British and Irish Lions: South Africa examine possible tour switch

South Africa beat England 32 to 12 in the final to lift the 2019 Rugby World Cup

South Africa rugby is starting to examine the possibility that the 2021 British and Irish Lions tour may be delayed due to the coronavirus pandemic.

The eight-game tour is scheduled to take place between July 3 and August 7.


The South African union says there are no planned changes, but it needs to "explore various scenarios".

The 2020-21 international calendar could be revised to save the game's finances.

Any changes can help to cover the financial losses caused by uncertainty during most of the 2020 international program, although public health regulations and travel restrictions may also play a role in decisions.


UK countries and Ireland could potentially earn more money from home testing in mid-2021, despite the prestige of a Lions tour to face current world champions.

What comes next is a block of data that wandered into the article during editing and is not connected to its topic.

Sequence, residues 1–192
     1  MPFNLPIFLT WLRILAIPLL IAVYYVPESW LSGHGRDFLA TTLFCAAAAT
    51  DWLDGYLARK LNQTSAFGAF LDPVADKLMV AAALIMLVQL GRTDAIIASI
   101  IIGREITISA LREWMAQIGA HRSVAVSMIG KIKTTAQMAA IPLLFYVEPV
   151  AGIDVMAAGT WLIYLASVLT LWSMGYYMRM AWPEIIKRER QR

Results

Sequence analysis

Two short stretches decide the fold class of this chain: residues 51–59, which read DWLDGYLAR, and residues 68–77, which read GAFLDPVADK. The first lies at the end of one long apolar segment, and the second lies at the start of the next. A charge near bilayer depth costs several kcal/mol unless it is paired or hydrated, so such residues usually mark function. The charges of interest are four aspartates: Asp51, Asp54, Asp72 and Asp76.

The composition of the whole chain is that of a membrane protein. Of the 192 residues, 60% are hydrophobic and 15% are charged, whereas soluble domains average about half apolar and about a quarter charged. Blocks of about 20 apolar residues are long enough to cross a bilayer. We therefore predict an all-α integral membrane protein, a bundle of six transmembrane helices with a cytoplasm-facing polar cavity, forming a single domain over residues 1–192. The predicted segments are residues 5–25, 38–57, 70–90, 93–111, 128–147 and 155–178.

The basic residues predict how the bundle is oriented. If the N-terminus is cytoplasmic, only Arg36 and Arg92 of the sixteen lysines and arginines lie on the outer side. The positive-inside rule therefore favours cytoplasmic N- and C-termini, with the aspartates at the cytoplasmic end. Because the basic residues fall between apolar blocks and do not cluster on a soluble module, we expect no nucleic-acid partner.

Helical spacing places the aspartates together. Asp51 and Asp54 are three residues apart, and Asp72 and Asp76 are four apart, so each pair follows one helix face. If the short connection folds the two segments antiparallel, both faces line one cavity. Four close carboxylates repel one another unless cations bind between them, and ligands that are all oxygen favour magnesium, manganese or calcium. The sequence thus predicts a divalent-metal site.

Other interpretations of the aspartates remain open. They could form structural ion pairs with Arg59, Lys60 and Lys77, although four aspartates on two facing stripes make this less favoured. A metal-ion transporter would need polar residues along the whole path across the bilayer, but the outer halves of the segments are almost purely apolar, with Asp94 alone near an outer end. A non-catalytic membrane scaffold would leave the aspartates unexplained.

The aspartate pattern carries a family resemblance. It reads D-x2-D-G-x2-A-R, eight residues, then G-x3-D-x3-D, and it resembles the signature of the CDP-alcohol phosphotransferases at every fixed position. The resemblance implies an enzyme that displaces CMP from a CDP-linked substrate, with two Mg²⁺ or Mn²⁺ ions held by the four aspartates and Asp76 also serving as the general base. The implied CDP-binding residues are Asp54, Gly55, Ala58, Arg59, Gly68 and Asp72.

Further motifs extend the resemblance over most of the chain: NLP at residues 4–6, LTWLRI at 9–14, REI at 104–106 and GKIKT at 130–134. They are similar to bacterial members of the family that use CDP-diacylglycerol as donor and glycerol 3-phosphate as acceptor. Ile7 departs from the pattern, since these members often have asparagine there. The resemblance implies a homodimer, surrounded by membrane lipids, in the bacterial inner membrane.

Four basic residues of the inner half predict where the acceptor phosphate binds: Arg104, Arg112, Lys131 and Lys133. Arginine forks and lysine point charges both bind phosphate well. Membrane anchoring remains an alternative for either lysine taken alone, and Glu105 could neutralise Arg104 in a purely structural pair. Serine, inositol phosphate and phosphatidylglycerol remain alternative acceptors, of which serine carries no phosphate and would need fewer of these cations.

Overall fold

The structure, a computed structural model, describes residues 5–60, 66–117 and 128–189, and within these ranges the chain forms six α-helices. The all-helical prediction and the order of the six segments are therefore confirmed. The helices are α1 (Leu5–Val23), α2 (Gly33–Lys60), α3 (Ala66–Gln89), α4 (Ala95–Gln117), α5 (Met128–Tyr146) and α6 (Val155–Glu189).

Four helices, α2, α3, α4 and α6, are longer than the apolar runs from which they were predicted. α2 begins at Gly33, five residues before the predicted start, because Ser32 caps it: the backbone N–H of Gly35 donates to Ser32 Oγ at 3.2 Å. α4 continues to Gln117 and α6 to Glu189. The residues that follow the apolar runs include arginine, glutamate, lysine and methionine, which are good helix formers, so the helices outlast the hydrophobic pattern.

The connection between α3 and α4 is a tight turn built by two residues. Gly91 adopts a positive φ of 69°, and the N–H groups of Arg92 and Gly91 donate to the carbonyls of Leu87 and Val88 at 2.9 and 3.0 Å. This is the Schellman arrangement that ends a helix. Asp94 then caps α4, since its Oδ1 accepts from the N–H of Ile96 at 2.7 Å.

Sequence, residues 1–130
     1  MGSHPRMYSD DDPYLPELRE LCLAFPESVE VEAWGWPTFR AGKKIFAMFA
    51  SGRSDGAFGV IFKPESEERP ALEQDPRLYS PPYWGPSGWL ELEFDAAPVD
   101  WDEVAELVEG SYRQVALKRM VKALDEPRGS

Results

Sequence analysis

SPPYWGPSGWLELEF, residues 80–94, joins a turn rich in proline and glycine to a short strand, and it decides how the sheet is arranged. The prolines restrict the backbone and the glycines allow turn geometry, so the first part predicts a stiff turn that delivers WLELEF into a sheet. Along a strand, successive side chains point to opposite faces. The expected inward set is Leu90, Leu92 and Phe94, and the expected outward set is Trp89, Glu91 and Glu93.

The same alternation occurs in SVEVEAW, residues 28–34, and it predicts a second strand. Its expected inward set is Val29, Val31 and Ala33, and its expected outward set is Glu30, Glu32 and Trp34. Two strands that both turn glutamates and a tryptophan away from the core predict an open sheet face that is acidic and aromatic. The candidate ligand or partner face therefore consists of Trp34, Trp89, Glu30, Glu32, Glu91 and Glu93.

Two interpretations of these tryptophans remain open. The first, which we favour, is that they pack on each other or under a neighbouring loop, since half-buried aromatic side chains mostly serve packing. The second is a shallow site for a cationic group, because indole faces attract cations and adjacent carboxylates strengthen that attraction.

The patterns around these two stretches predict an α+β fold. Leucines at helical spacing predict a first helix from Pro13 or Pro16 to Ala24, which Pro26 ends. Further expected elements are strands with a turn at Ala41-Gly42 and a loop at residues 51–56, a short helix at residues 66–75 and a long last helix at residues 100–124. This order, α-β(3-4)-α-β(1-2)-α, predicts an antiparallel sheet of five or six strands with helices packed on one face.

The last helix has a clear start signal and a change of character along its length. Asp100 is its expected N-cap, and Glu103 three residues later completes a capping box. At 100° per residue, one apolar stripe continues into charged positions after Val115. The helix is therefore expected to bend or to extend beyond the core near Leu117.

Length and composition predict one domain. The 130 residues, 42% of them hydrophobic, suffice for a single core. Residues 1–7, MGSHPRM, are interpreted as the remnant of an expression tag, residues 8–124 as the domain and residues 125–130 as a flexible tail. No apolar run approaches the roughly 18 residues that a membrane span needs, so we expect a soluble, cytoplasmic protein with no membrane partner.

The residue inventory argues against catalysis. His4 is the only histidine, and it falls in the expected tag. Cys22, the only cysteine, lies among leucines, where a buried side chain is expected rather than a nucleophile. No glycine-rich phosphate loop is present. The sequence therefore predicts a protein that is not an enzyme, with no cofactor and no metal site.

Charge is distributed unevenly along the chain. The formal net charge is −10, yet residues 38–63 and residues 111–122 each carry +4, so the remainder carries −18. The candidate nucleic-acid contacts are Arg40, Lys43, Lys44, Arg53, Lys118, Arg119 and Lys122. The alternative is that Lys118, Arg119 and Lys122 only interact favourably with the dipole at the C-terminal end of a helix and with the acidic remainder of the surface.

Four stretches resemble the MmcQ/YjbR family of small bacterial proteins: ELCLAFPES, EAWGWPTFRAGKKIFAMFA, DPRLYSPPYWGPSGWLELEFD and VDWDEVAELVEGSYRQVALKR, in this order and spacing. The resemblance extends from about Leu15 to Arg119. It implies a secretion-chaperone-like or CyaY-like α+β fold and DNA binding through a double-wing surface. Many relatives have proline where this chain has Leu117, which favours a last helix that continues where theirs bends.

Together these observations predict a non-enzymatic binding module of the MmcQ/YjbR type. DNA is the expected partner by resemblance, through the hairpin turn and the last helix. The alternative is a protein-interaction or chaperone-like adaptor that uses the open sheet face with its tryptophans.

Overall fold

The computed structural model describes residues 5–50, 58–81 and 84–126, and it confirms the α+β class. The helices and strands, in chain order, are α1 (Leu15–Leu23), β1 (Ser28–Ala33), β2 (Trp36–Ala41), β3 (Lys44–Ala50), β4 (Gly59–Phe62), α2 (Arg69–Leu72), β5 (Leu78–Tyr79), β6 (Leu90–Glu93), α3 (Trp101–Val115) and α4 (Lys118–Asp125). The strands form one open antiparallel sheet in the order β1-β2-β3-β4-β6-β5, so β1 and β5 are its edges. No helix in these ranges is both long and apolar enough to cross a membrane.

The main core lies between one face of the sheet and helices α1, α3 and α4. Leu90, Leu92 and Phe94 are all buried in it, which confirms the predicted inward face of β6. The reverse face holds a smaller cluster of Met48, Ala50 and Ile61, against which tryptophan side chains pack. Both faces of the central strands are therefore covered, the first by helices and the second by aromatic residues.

But a delay on the Lions tour until 2022 could leave players facing a particularly tiring schedule, a year before the next Rugby World Cup in France.


"While we continue to look forward to an incredible series of tests and tours against British and Irish Lions in 2021, and there are no changes planned, it would be our neglect not to explore various scenarios for a possible date change caused by the Covid -19 pandemic," he said. South Africa Rugby in a statement confirmed to BBC Sport, after media speculation about the tour.

Warren Gatland oversaw a winning tour of Australia in 2013 and a series tied against the All Blacks in 2017

Former Wales coach Warren Gatland is expected to take a year out of his Super Rugby job, the Chiefs, to undertake a Lions tour for the third time.

The southern hemisphere organization Sanzaar, which covers South Africa, New Zealand, Australia and Argentina, has also tried to quash reports that the competition of 14 Super Rugby teams could be downgraded by introducing a New Zealand / Australia competition.

"All of these reports are purely speculative and have no basis for them," said Sanzaar chief executive and Andy Marinos, formerly of Wales.


"This does not mean that we are not having realistic discussions about what could happen if the Covid-19 restrictions continue beyond 2020".


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